Valuing Environmental Preferences: Theory and Practice of the Contingent Valuation Method in the US…

Paperback | October 15, 2001

EditorIan J. Bateman, Kenneth G. Willis

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Just as individuals have preferences regarding the various goods and services they purchase every day, so they also hold preferences regrding public goods such as hose provided by the naural environment. However, unlike provate goods, environmental goods often cannot be valued by directreference o any market price. Thsi amkes economic analysis of the costs and benefits of environmental change problematic. Over the past few decades a number of methods have developed to address this problem by attempting to value environmental preferences. Principal among hese has been thecontingent valuation (CV) method which uses surveys to ask individuals how much they would be willing to pay or willing to accept in compensation for gains and losses of environmental goods. The period from the mid-1980s to the present day has seen a m,assive expansion in use of the CV method. Fromits originalroots int eh USA, through Europe and the developed world, the method has now reached worldwide application with a substantial proportion of current studies being undertaken in developing countries where environmental services are often the dominating determinant of everyday livingstandards. The method has simultaneously moved from the realm of pure academic speculation into the sphere of instiutional decision analysis. However, the past decade also witness a developing critique of the CV method with a number of commentators questioning the underlying validity of its dervied valuations. This volume, therefore, reflects a time of heated debate, as wellas from commentators who see it as an interesting experimental tool regardless of the question of absolute validity of estimates. The book embraces the theoritical, methodologicl, empirical, and institutional aspects ofthe current debate. It covers US, European , and developing country applications, and the institutional frameworks within which CV studies are applied.

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Just as individuals have preferences regarding the various goods and services they purchase every day, so they also hold preferences regrding public goods such as hose provided by the naural environment. However, unlike provate goods, environmental goods often cannot be valued by directreference o any market price. Thsi amkes economic ...

Ian J. Bateman is Reader in Environmental Economics at the School of Environmental Sciences, University of East Anglia, and Senior Research Fellow at the Centre for Social and Economic Research on the Global Environment (CSERGE), University of East Anglia and University College London. Kenneth G. Willis is Professor of Environmental E...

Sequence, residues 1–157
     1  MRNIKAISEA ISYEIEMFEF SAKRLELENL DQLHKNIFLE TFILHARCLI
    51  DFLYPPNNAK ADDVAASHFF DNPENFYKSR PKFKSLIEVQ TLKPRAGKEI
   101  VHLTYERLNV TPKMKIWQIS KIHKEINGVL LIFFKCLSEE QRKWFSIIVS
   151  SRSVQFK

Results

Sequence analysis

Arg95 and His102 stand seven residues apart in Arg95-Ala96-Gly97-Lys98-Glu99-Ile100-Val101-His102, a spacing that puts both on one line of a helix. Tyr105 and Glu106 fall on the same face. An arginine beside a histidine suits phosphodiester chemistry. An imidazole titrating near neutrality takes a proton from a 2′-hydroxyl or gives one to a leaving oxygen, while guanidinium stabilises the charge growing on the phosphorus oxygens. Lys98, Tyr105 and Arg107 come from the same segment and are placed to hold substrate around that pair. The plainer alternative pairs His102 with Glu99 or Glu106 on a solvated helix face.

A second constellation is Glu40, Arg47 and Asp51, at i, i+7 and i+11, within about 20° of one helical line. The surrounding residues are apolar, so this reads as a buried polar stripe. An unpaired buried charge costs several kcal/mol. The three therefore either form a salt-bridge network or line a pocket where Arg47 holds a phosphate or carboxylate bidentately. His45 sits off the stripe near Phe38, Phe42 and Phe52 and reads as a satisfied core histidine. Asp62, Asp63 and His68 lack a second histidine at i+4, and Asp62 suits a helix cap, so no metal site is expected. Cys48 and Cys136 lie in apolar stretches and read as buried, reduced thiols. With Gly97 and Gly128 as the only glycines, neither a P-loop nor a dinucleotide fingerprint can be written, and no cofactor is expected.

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Format:PaperbackDimensions:668 pages, 9.21 × 6.14 × 1.42 inPublished:October 15, 2001Publisher:Oxford University PressLanguage:English

The following ISBNs are associated with this title:

ISBN - 10:0199248915

ISBN - 13:9780199248919

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Table of Contents

Bateman and Willis: Introduction and Overview1. Theory1. Turner: The Place of Economic Values on Environmental Valuation2. Hanemann: Neo-classical Economic Theory and Contingent Valuation3. Carson, Flores, and Mitchell: The Theory and Measurement of Passive Use Value4. Sugden: Public Goods and Contingent Valuation5. Sugden: Alternatives to the Neo-classical Theory of Choice2. Methodology6. Boyle and Bergstrom: Doubt, Doubts, and Doubters: The Genesis of a New Research Agenda7. Green and Tunstall: A Psychological Perspective8. Munro and Hanley: Information, Uncertainty, and Contingent Valuation9. Choe, Parke, and Whittington: A Monte Carlo Comparison of OLS Estimation Errors and Design Efficiencies in a Two-stage Stratified Random Sampling Procedure for a Contingent Valuation Study10. Hanemann and Kanninen: Statistical Considerations in CVM11. Langford and Bateman: Multilevel Modelling and Contingent Valuation12. Adamowicz, Boxall, Louviere, Swait, and Williams: Stated Preference Methods for Valuing Environmental Amenities3. Case Studies13. Walsh and McKean: Option and Anticipatory Values for US Wilderness14. Bateman, Langford, and Rasbash: Elicitation Effects in Contingent Valuation Studies4. Institutional Frameworks15. Lauria, Whittington, Choe, Turingan, and Abiad: Household Demand for Improved Sanitation Services: A Case Study of Calamba, the Philippines16. Bonnieux and Rainelli: Contingent Valuation Methodology and the EU Institutional Framework17. Loomis: Contingent Valuation Methodology and the US Institutional Framework